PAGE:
WASHINGTON, D.C., U.S. — In what is being viewed as a generally positive development for North American grain producers, Canada has agreed to join the United States and Mexico in a trade deal that will replace the North American Free Trade Agreement (NAFTA).

Although the finer details of the new agreement, called the United States-Mexico-Canada Agreement (USMCA), were still being examined, the initial reaction from the agricultural sectors affected by the deal was favorable.

“No trade agreement has had more impact on our sector than NAFTA, which prompted explosive growth in our export sales to both countries as well as the development of a fully-integrated grains and livestock supply chain within North America,” said Jim Stitzlein, chairman of the U.S. Grains Council. “Over the past two decades, this agreement has proven beneficial for the producers, agricultural sectors and economies of all three countries.

“We appreciate the dedicated, hard work of our negotiating team to achieve this outcome with our neighbors and customers and look forward to fully examining the new text as the process of approving the new agreement begins a new phase.”

Steve Mercer, vice-president of communications for the U.S. Wheat Associates, told World Grain: “U.S. Wheat Associates is pleased that the administration has put in such a strong effort to complete negotiations on a new agreement that, fortunately, includes Canada. Mexico has imported more U.S. wheat the past two marketing years than any other country and over the long term is one of our top buyers consistently. The NAFTA agreement underpins that trading relationship and we hope the new agreement maintains that opportunity. There is a lot to review in the new agreement and we look forward to digging into the details to better understand its potential impact.”

John Bode, president and CEO of the Corn Refiners Association, commented: “This is a milestone. Mexican and Canadian markets are very important to American farmers, ranchers, and agribusiness. We commend President Trump for his efforts to conclude this trilateral agreement. We look forward to reviewing the agreement text released today.”

The National Grain and Feed Association (NGFA) and the North American Export Grain Association (NAEGA) issued a joint release in which they called the announcement “a significant, positive step in modernizing and further enhancing North American food and agricultural commerce.”

“Given the integrated nature of the North American economy … it was extremely important to reach a trade agreement that included all three countries,” said NGFA President and CEO Randy Gordon and NAEGA President and CEO Gary Martin.

They added, “Our industry is encouraged about reports that the final agreement takes steps to modify some existing impediments to agricultural trade, including dairy, and will preserve some form of the trilateral Chapter 19 tariff dispute-settlement mechanism contained in the North American Free Trade Agreement,” Gordon and Martin said.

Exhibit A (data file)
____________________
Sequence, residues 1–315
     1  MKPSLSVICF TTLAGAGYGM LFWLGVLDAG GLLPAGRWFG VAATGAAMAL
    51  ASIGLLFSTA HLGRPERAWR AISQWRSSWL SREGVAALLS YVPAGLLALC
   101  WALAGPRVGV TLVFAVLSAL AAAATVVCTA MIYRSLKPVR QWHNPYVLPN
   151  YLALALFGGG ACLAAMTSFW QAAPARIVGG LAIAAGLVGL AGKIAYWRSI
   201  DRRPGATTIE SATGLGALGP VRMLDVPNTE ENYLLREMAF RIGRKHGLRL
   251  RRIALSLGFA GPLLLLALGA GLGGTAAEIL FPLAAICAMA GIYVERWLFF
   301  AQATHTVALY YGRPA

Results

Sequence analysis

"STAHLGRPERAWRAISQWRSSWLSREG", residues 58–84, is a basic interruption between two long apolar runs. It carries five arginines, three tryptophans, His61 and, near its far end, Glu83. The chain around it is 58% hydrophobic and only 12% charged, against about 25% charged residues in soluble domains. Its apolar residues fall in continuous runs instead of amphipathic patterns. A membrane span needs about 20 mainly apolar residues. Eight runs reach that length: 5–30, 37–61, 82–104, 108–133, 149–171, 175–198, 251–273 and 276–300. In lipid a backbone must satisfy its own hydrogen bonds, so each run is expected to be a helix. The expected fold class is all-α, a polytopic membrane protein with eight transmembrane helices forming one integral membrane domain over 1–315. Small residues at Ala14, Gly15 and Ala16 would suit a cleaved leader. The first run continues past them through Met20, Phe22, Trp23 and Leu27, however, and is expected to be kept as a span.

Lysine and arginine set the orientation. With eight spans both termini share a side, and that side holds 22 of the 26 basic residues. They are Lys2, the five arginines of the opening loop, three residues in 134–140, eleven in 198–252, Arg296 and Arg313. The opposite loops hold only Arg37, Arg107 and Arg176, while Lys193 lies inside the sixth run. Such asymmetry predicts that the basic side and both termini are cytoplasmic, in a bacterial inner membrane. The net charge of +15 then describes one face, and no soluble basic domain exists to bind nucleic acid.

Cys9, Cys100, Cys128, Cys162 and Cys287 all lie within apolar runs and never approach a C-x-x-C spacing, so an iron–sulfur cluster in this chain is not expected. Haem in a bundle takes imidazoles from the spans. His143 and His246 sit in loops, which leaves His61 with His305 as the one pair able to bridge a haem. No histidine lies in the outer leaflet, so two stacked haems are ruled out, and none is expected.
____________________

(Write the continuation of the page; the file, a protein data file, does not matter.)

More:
As part of the new deal, Canada will offer the United States greater access to its dairy market than the United States would have achieved through the Trans-Pacific Partnership, a trade treaty that Trump withdrew from last year.

While the Canadian diary industry expressed displeasure with the deal that will increase their competition, the Canadian grain industry, including Cereals Canada, struck a positive tone.

Cam Dahl, President of Cereals Canada, said the USCMA will modernize the agreement in crucial areas, including new chapters on biotechnology and new plant breeding techniques, bringing the agreement up to date with modern technology.

 “USCMA also sets the stage for equal treatment by the Canadian grading system for farmers on both side of the Canada/U.S. border,” he said. “Again, this is a modernization that addresses issues that did not exist when the original NAFTA was drafted.

 Dahl noted that there was some concern that the adjustments to the grading system would undermine Canadian’s classification system for wheat.

“This is not the case as the agreement continues to allow both countries the ability to develop national policy.”

Signed in 1994, NAFTA fundamentally reshaped North American economic relations, driving an unprecedented integration between Canada and the United States’ developed economies and Mexico, a developing country.

NAFTA has been a big winner for U.S. agriculture. Since NAFTA was implemented 24 years ago, U.S. farmers have quadrupled their exports to Canada and Mexico and the two nations rank second and third, after China, as markets for U.S. farm goods.

Canada also has benefited as its total agricultural exports to Mexico and the United States have tripled.

Meanwhile, Mexico’s results have been mixed, as some economists have blamed NAFTA for exposing Mexican farmers, especially corn producers, to competition from heavily subsidized U.S. agriculture. A study from the Center for Economic Policy and Research found that NAFTA put nearly 2 million small-scale Mexican farmers out of work.

Trump said shortly after his election in 2016 that the United States would withdraw from NAFTA if its terms were not renegotiated.

U.S. and Mexican negotiators on Aug. 27 reached what the Office of the U.S. Trade Representative termed “a preliminary agreement in principle” on a new bilateral accord to supplant NAFTA.

In Monday morning tweets, Trump hailed the new agreement as “a historic transaction.”

“It is a great deal for all three countries, solves the many deficiencies and mistakes in NAFTA, greatly opens markets to our farmers and manufacturers, reduce trade barriers to the U.S. and will bring all three great nations closer together in competition with the rest of the world,” Trump said.

Canadian Prime Minister Justin Trudeau, said of the deal on Twitter: “A good day for Canada and our closest trading partners.”